Bay area rapper Saweetie has been around for a couple years coming into popularity through her single “ICY GRL” and debut EP High Maintenance. Her sophomore EP, Icy, solidifies her potential and skills that critics caught a glimpse of in her first endeavors. A track EP running at about 21 minutes, Icy showcases the aptitude Saweetie has to offer and displays that she is a force to be reckoned with.
One thing that I like a lot about Saweetie is her confidence in her verses. She puts a lot of emphasis on being self-made and not needing others to help her rise to the top. The first track off of the EP, “Trick”, essentially tells listeners what Saweetie is all about. She raps about how she has money and doesn’t need anyone else, but also doesn’t mind if a guy spends some cash on her. It has a catchy simple beat, but Saweetie starts off strong with a smooth flow and hard-hitting punchlines.
The third track, titled “My Type”, is definitely one of my favorite tracks on the EP. The remixed sample of Petey Pablo’s “Freek-A-Leek” gave me early 2000’s hip-hop vibes. It is a very well-done remix and is a refreshing throwback to older club songs. In addition, I think Saweetie’s flow is at her strongest during this track. Definitely a track to play in your car at max volume.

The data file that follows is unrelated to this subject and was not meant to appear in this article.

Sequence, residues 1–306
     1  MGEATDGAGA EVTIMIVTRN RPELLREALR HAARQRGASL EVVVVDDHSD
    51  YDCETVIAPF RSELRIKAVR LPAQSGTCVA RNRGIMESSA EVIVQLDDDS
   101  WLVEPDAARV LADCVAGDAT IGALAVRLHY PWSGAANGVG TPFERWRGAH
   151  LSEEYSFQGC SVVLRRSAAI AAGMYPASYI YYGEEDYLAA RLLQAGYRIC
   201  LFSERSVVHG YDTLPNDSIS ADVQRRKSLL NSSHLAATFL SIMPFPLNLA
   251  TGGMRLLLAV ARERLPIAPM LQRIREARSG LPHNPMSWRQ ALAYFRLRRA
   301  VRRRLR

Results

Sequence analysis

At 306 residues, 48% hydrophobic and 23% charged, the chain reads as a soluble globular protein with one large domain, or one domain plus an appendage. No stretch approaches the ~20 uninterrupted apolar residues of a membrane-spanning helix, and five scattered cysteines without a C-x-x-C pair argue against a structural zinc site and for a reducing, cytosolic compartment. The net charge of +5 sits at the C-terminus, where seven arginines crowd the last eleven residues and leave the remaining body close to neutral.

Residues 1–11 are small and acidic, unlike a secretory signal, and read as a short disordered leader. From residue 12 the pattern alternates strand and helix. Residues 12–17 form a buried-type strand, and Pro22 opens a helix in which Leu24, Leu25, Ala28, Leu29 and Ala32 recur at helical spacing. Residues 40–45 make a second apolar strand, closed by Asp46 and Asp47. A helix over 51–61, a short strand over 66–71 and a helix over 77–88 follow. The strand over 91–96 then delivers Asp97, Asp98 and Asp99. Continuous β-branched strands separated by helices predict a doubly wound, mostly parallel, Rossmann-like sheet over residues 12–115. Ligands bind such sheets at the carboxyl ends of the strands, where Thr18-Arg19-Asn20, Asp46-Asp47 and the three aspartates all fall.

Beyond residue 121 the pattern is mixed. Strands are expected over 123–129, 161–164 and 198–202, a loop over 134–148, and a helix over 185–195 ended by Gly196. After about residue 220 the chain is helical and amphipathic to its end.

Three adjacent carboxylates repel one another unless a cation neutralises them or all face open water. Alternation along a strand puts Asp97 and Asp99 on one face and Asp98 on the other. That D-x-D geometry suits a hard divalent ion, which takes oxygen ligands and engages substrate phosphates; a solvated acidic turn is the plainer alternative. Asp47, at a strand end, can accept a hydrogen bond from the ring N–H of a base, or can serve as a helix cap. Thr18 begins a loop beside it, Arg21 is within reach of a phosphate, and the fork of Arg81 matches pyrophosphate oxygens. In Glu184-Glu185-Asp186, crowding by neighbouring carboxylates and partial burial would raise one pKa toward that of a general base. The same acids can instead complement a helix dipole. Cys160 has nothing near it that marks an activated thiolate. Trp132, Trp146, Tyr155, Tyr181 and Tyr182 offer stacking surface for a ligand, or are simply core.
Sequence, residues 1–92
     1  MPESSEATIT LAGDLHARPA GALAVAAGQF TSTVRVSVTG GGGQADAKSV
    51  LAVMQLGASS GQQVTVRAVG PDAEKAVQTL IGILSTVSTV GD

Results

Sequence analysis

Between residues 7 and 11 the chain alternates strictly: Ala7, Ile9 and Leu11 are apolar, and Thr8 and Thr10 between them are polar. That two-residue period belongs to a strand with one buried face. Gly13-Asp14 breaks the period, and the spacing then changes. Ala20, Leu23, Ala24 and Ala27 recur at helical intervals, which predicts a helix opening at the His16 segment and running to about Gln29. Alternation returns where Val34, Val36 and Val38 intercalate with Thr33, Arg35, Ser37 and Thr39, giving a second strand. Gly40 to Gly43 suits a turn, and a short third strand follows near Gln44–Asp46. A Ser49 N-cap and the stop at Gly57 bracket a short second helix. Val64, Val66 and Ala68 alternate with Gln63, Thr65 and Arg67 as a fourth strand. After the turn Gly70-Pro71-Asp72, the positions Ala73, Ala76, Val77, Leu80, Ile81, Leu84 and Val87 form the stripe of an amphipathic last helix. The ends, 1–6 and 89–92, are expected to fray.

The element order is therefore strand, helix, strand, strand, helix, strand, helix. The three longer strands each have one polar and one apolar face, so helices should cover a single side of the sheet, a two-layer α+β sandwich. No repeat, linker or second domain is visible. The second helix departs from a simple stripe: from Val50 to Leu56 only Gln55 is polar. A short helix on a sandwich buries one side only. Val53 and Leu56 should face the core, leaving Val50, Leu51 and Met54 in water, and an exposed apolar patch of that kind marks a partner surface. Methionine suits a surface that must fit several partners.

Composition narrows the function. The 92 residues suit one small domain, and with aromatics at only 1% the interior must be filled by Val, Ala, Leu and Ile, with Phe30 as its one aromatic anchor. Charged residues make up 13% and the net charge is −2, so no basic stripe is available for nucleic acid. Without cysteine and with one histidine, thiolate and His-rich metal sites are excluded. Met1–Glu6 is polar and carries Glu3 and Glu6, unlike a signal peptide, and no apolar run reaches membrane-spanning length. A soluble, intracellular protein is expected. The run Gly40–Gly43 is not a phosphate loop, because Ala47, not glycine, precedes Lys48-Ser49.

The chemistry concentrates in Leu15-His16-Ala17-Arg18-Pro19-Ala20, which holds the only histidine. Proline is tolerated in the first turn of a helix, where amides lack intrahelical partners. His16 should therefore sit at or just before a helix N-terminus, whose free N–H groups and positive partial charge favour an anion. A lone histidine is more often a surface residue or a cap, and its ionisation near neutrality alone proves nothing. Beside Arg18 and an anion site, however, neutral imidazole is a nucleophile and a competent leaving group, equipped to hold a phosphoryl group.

A notable attribute of this project is the lack of featured artists. The only artist featured on Icy is rapper Quavo, who also happens to be Saweetie’s boyfriend. On only two out of seven tracks, “Tip Toes” and “Emotional”, Quavo gives a few verses that complement Saweetie’s very well. He plays a very supportive role and doesn’t take any focus off of Saweetie in either track, as he raps about his lover. Even with only one guest artist, Saweetie holds her own throughout Icy, proving that she really doesn’t need anyone else to achieve her goals.
The production on this album is an improvement from her previous works but isn’t too notable in the grand scheme of things. Besides the sampled songs, most tracks contain basic trap beats and percussion that show too many similarities to every other hip-hop song floating around in the mainstream. The instrumentals do their job at creating a fun and upbeat atmosphere, but that’s about as far as production goes on this EP.
Saweetie provides different flows and rhyme schemes over each track, showing growth and her lyrical versatility. One major issue, however, is that her subject matter is very generic and constant. There can only be so many lines about the ice on her wrist and the money she’s getting before listeners start to get a continuous sense of déjà vu. The songs are definitely enjoyable and fun but ultimately lack depth which limits the EP’s potential substantially.
It’s evident that Saweetie has the prowess to make it big in hip-hop. She put herself on the map with her first EP and showed her capability even further with this project. I have a feeling Saweetie is just getting started and that we’ll hear a lot more from this icy grl very soon.